BOSTON — Playing in the National Football League is the dream of countless youngsters across America, and certainly for plenty of parents, too. But many adults are now questioning whether chasing that dream is worth it, with football being often linked to concussions and the risk of chronic traumatic encephalopathy (CTE). Adding to that growing body of research is a recent study of former NFL players by scientists at the Harvard T.H. Chan School of Public Health and Harvard Medical School. The study found that the number of years spent playing in the NFL can expose players to greater long-term risk of serious cognitive problems.
Researchers say in addition to career length, certain positions were also more prone to these neurological and mental health conditions. These problems include memory deficits, depression, anxiety, and confusion among ex-NFLers.
The study analyzed data from nearly 3,500 former NFL players who completed surveys about their career spans, head or neck injuries they suffered, and potential symptoms consistent with concussions. Players were also asked about symptoms of depression or anxiety they’d experienced after their careers ended.
The results weren’t a surprise to the authors. Surveys revealed that players who’d suffered concussions had an elevated risk for cognitive issues. The authors found these problems tended to persist over time, with some players experiencing cognitive symptoms for as long as 20 years after suffering their concussions.
“Our findings confirm what some have suspected–a consistently and persistently elevated risk for men who play longer and who play in certain positions,” said lead investigator Andrea Roberts, a research scientist at the Harvard T.H. Chan School of Public Health, in a university news release. “Our results underscore the importance of preventing concussions, vigilant monitoring of those who suffer them and finding new ways to mitigate the damage from head injury.”
For the study, the players were given a concussion score based on the number of their concussion symptoms and the severity of them. Overall, 12% (about one in eight) of the former NFL players reported symptoms of severe cognitive problems, compared to about two percent of the general population.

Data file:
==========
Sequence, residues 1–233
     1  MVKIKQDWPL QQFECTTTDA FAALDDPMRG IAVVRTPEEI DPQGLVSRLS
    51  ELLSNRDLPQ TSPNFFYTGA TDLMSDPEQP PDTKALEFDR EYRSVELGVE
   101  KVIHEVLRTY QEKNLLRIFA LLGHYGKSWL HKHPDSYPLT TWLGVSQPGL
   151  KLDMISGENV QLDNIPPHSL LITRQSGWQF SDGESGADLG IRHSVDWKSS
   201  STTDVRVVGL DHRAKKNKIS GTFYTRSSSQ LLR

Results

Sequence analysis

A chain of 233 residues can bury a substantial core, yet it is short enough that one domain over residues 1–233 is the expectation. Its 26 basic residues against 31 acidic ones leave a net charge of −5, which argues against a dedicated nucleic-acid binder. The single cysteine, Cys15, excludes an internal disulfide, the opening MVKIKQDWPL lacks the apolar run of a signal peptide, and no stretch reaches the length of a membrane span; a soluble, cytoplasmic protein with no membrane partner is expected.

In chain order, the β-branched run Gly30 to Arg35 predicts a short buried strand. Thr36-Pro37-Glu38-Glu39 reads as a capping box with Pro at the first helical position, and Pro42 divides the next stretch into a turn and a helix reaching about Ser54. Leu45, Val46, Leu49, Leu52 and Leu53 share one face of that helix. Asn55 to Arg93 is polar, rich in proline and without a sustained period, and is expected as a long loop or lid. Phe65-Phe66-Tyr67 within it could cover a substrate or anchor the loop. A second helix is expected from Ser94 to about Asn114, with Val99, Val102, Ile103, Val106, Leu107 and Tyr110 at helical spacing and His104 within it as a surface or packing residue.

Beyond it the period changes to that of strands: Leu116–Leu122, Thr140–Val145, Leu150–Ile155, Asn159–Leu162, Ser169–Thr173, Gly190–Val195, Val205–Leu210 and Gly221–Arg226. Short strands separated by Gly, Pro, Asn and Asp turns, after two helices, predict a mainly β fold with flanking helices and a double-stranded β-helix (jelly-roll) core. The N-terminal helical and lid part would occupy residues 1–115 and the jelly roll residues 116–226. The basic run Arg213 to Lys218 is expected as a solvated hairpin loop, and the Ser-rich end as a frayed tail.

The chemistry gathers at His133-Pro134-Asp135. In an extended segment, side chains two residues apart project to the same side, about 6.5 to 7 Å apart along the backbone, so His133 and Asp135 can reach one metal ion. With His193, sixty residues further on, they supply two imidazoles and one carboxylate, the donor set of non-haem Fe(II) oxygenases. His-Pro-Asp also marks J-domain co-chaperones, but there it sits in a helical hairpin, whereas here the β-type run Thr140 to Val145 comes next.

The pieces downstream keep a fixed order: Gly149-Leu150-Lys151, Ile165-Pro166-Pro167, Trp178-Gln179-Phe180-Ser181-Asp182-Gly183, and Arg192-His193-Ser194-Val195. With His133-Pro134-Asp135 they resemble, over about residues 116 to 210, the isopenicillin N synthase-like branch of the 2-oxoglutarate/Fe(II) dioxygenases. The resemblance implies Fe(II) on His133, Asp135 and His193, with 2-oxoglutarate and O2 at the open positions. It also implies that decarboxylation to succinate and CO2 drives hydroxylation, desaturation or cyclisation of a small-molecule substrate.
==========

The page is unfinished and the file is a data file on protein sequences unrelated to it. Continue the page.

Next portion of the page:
Length of one’s career was a major factor, it seemed. Risk for diminished cognition increased for every year played, and every five seasons carried a nearly 20 percent increase. Participants who’d played at least 10 seasons were twice as likely to say they’d battled severe cognitive problems than those who only played for just one season.
Career length also mattered when it came to depression or anxiety More than a quarter of the participants admitted to having symptoms of one of the two conditions, while slightly fewer than a fifth (18 percent) dealt with symptoms of both. Every five seasons played added another 9 percent risk.
The researchers are quick to point out that not everyone who has suffered a concussion will experience cognitive or mental problems.
Still, the study found that the longer players participate in football, the more likely they are to suffer a head injury that increases their risk for neurocognitive maladies. Moreover, certain positions on the field have a greater risk of concussion. In particular, kickers, punters, and quarterbacks had the fewest cognitive issues of the study group. Conversely, running backs, linebackers, and special teams coverage players suffered the most concussions or head injuries.
The authors say that players who reported the most concussions symptoms were 22 times more likely to experience long-term cognition struggles versus players who reported the fewest symptoms. They were also six times more likely to battle depression and/or anxiety.
In January, Carolina Panthers star linebacker Luke Kuechly retired from the NFL after just eight seasons at age 28. Though he didn’t point specifically to the issue, many believe the seven-time Pro Bowler’s history of concussions may have played a key role in his decision to hang up his cleats for good.
“Clearly, not everyone who sustains a concussion is destined for cognitive trouble, but the results of the research highlight just how critical it is to continue to find ways to prevent head injuries from occurring in the first place because of the many downstream and long-lasting effects on physical, cognitive and mental health,” says Ross Zafonte, the Earle P. and Ida S. Charlton Professor of Physical Medicine and Rehabilitation and head of the Department of Physical Medicine and Rehabilitation at Harvard Medical.
The findings also showed that there was no link between starting football at a young age and cognitive problems into adulthood.
The study is published in The American Journal of Sports Medicine.